Smart thermostats: competition hots up in UK market


Rising electricity and gas prices in the UK together with a growing interest in home automation is opening up the field for energy management systems to fight for the UK market, reports

Home automation company Nest, run by iPod inventor Tony Fadell, launched its learning thermostat in Britain in early April amid a growing number of similar products on the market.

British Gas is offering a system called Hive, that allows users to remotely control their heating from a mobile device, either tablet, smartphone or laptop.

Other suppliers include UK-based company PassivSystems, which develops software for consumers to manage heating costs, claiming to deliver an average of 23 per cent saving to an annual heating bill; Munich-based  tado° and Honeywell, which also sells smart thermostats for individual radiators.

User control versus automation

Products are falling into two technology camps – either user-managed or automated, the UK national newspaper reports.

Hive falls into the first category and lets users set a heating schedule for each day of the week via a mobile app on their iOS or Android device, and then check or adjust the temperature from the app whenever and wherever they want to.

Kass Hussain, director of technology at Hive, said that, when it comes to smart energy management, there is still a low level of product category awareness.

“People aren’t necessarily comfortable with it, and the thing we’ve heard time and time again is, I want to be in control – that word control.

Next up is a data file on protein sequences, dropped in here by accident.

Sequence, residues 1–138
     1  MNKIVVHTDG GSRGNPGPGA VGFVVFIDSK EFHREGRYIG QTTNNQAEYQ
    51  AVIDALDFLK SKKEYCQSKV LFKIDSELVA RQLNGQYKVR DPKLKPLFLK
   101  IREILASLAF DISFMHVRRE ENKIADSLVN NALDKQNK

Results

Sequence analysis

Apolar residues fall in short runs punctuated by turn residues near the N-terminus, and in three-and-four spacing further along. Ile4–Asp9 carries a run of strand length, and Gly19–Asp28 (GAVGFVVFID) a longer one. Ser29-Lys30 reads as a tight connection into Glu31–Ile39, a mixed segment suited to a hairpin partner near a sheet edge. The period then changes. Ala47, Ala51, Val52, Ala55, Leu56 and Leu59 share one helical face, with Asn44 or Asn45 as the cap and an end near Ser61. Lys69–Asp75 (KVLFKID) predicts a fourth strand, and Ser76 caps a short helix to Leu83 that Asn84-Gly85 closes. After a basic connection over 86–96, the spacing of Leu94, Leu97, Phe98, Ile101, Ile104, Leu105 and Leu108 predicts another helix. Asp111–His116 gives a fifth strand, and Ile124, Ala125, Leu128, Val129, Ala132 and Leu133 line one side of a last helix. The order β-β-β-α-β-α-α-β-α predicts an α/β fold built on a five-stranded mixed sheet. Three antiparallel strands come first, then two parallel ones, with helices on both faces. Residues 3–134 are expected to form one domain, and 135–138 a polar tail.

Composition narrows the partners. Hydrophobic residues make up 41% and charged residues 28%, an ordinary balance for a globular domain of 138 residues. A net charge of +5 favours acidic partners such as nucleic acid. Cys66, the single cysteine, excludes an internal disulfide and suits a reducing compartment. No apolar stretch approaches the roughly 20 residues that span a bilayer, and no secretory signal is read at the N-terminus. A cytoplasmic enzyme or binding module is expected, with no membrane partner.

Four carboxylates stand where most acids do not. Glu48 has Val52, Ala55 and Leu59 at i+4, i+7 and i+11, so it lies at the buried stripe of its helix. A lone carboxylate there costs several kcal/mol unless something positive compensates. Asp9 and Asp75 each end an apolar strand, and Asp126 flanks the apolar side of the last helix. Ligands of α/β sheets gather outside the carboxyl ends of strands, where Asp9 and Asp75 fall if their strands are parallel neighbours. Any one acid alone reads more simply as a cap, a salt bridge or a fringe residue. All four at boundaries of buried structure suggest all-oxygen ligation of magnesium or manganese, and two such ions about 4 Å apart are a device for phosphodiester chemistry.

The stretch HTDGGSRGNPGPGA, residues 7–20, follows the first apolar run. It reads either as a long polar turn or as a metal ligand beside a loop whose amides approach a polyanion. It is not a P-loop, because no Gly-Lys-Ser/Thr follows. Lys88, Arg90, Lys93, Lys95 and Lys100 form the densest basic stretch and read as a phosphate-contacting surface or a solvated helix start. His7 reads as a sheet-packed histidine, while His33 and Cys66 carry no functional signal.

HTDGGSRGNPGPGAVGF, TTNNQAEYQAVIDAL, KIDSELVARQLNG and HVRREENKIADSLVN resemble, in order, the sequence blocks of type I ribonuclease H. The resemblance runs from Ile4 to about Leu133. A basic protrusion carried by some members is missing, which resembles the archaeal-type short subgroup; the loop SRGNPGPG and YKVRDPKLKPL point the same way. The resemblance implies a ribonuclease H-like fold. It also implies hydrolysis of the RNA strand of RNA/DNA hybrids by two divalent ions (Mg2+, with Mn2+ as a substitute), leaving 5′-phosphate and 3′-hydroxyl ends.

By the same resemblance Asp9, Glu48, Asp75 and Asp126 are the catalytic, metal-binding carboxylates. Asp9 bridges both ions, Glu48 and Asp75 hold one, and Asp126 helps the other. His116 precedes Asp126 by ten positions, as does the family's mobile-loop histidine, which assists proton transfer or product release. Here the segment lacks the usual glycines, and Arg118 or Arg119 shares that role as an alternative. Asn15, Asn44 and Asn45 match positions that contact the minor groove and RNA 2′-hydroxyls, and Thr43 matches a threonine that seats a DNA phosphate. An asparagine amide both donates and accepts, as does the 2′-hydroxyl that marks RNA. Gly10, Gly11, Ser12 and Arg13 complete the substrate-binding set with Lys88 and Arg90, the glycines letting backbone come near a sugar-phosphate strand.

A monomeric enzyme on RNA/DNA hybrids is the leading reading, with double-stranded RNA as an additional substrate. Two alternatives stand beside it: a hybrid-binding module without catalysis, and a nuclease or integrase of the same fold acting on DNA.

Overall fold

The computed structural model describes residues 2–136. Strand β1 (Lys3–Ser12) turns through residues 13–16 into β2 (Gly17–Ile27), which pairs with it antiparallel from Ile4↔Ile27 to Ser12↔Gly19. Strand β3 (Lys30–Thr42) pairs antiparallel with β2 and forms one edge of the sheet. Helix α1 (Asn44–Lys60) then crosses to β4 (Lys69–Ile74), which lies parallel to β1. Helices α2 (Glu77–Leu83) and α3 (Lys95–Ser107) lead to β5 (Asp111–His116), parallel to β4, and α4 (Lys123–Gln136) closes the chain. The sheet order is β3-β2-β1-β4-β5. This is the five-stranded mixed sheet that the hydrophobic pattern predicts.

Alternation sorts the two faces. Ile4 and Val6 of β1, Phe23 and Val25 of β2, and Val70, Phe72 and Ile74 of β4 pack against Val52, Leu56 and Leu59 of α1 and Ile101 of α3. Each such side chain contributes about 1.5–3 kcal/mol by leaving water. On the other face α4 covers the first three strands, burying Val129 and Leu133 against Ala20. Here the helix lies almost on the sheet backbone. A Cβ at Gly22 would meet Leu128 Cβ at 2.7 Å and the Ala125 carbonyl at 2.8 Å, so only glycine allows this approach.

“I want to control my thermostat, not necessarily be controlled by it, or any other high automation device,” he said.

Nest’s Learning Thermostat offers a bit of both by allowing the user to control the heating system remotely but also learns the customers’ habits.

PassivSystems offers a similar mixture of control and automation with its home energy management system, while tado° is the most hands-off.

The tado° algorithm adjusts the temperature automatically, based on the residents’ daily routine, with no user action required.

Reactions to the online story suggest that no one technology has captured the market.

One reader commented that a single thermostat is not the best way to control heating in a whole house. He said: ”The answer surely must be a thermostat in each room, controlling a motorised valve on each radiator, and the thermostat should not be on the valve.”

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Smart thermostats: competition hots up in UK market